Adobe dropped Premiere for the Mac in light of competition from Apple’s own Final Cut software. “I was very happy to see Adobe bringing it back because competition is good,” said Weinman. “And I think it helps Adobe because it distinguishes them as a cross-platform company that serves both Mac and Windows customers.”

One company focused squarely on the Mac market, for now at least, is Axiotron, which plans to beat Apple to the punch with the first Macintosh tablet computer. The Modbook from Axiotron will be sold in the U.S. and shown by Other World Computing at Macworld.

Axiotron president Andreas Haas, who once worked at Apple, said he sees the market for Modbook as very different than what Microsoft and its partners are going after with Windows-based tablet PCs.

“That approach is about going to hospitals and other vertical markets where you tie the device to what those users do,” Haas told internetnews.com. “We want to reach artists, photographers and other creative people that can take advantage of being able to use a pen on a portable computing device.”

The Axiotron ModBook features WACOM Pen-abled hardware for “true pen” input and is fully compatible with Apple’s Inkwell, a Mac OS X Tiger feature that provides system-level handwriting and gesture recognition to all Mac applications.

Haas declined to provide more details on the Modbook before its official rollout, other than to say it has a slim, slate-style form factor and should be thought of a Mac accessory or companion, rather than a replacement.

As for potential competition from Apple? “I think we’re addressing a niche market that’s too small for Apple to go after,” said Haas.

One company Apple’s never been shy about going after is sometimes-partner Microsoft . Take the move it pulled at its developers conference last year. Apple tweaked the software giant with a huge banner that read “Vista 2.0 Preview,” referring to Apple’s next-generation operating system, code-named Leopard. Apple officials gave a sneak peak of some of Leopard’s features at the event, and Jobs is likely to show more during his Macworld keynote.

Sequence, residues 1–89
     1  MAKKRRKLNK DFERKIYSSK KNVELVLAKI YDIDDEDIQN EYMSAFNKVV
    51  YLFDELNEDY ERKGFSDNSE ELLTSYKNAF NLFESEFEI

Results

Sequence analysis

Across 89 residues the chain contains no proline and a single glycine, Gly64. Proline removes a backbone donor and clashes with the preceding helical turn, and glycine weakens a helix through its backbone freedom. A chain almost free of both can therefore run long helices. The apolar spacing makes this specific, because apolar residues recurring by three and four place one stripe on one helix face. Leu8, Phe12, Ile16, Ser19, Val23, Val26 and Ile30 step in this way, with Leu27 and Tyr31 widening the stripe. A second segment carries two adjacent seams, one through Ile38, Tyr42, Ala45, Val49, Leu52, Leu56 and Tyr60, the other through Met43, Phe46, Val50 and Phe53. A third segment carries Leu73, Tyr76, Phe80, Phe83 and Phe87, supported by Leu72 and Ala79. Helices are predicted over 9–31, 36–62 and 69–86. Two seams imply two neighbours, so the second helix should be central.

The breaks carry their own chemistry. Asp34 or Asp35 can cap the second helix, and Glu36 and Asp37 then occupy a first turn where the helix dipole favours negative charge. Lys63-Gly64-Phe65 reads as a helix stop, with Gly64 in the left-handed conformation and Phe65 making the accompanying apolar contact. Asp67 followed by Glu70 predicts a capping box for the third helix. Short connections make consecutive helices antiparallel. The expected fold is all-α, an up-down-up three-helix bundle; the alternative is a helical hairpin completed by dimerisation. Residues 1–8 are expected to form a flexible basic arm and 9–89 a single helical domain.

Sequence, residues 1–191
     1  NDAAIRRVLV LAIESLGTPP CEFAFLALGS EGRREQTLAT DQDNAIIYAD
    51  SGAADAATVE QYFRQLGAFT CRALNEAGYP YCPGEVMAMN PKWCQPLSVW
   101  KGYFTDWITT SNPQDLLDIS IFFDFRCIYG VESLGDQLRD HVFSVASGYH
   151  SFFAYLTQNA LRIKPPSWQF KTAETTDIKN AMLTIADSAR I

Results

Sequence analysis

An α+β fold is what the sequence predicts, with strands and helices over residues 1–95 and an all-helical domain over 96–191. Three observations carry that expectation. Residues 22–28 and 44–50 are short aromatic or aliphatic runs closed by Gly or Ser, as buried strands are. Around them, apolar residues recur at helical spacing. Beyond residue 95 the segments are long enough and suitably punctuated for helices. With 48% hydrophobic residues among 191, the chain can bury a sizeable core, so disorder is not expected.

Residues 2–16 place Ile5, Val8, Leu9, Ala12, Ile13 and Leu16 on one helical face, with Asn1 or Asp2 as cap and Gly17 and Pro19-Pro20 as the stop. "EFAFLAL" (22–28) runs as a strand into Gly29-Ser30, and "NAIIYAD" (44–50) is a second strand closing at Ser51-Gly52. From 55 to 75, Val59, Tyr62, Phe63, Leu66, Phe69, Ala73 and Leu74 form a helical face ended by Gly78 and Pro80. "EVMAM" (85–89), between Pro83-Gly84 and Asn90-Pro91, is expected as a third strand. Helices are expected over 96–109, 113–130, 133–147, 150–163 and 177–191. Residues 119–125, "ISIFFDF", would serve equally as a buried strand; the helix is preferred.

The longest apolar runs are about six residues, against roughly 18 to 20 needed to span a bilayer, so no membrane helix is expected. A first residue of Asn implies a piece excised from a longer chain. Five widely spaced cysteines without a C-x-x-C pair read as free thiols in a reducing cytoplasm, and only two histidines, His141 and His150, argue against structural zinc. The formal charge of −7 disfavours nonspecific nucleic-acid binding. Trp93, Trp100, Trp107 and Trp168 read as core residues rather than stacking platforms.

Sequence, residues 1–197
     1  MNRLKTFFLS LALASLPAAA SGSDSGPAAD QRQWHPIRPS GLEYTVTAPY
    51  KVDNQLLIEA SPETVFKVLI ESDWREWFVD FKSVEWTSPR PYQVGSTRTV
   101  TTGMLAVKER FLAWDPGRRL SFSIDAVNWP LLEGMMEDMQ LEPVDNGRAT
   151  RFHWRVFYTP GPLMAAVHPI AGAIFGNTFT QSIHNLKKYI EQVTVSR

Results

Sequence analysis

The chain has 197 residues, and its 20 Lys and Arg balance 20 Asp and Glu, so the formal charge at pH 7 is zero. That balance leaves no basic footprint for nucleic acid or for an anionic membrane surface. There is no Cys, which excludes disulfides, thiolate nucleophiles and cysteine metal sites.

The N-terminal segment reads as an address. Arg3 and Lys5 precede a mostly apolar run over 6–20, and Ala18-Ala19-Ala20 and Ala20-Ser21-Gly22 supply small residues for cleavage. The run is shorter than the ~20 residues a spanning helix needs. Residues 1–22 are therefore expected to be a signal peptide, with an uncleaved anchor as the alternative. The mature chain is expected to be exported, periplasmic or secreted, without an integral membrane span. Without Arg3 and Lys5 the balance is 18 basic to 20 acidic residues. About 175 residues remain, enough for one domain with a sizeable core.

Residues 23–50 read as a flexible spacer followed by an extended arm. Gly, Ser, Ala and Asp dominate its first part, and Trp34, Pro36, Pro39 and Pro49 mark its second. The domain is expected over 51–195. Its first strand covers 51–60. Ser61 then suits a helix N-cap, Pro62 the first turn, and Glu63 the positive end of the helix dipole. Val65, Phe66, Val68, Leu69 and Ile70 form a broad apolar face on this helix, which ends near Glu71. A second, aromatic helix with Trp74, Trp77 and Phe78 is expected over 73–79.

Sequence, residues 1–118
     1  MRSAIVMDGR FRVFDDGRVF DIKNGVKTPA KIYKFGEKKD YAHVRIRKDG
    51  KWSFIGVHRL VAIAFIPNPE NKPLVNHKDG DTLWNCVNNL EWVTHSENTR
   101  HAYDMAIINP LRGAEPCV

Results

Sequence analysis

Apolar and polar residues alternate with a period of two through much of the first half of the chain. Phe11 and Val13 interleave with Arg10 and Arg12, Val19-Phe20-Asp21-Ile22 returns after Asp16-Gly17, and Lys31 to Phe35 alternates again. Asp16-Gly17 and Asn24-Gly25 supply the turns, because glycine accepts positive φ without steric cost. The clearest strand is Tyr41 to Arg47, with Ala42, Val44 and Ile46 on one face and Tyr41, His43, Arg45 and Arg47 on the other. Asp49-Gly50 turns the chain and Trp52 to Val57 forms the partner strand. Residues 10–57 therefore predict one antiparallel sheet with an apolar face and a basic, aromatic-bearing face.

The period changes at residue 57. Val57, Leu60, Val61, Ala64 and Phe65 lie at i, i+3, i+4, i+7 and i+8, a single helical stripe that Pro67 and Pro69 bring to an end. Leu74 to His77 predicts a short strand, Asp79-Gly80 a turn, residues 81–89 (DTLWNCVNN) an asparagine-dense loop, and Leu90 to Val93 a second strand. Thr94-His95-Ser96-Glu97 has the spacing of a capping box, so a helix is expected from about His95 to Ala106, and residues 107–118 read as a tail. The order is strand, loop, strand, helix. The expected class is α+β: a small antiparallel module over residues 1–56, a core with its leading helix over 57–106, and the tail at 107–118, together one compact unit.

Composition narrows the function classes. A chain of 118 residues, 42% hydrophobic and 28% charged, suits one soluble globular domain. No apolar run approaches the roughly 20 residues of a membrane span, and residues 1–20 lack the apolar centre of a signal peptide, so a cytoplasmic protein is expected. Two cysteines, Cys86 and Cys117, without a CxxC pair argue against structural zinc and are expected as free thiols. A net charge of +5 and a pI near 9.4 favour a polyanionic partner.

Due out this Spring, Leopard will include “Time Machine,” a slick, easy-to-use feature for retrieving deleted files. A newer iChat videoconferencing feature lets users add video backgrounds and other custom effects to make it appear, for example, you’re speaking from in front of the Eiffel Tower or a race track with cars whizzing by.

“I hope they update us on Leopard because it’s very important in light of Microsoft’s consumer launch of Vista later this month,” said Bajarin.

Technology forecaster Paul Saffo thinks Apple is moving at a different pace than Microsoft and puts far more emphasis on innovation than compatibility with its installed base.

“Apple still makes the best computers on the planet, but it is now a consumer electronics company,” Saffo told internetnews.com. “That means you rev like crazy and you put out new products like crazy. Apple’s racing flat out into its future.”

But the road ahead has a few unexpected pitfalls for Apple. For one, Apple faces several shareholder lawsuits over the backdating issue that has bedeviled numerous tech firms.

“The irony is, I don’t think know what [the shareholders filing lawsuits] are asking for,” said Bajarin, analyst with Creative Strategies and longtime Apple observer. “If a lawsuit pulls Steve Jobs out of Apple for any reason, he’s the vital force behind this company. Otherwise it’s just another PC company.”

Saffo agreed.

“There’s no company without Jobs,” he said. “The people that care about this are the ambulance chasers who file a suit and hope to make money. Steve jobs is not [former Enron CEO] Ken Lay. He is not gutting the company of money, he’s creating huge value.”

Many facets of that value will be on public display at Macworld Expo.